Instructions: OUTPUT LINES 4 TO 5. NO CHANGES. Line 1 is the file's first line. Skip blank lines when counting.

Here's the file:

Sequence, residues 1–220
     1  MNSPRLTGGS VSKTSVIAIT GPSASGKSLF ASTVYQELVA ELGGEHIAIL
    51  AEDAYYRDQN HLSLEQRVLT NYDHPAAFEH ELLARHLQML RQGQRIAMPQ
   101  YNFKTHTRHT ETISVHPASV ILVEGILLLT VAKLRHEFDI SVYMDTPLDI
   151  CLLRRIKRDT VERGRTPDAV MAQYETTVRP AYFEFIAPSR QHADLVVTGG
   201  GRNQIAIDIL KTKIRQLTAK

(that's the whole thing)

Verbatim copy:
   101  YNFKTHTRHT ETISVHPASV ILVEGILLLT VAKLRHEFDI SVYMDTPLDI
   151  CLLRRIKRDT VERGRTPDAV MAQYETTVRP AYFEFIAPSR QHADLVVTGG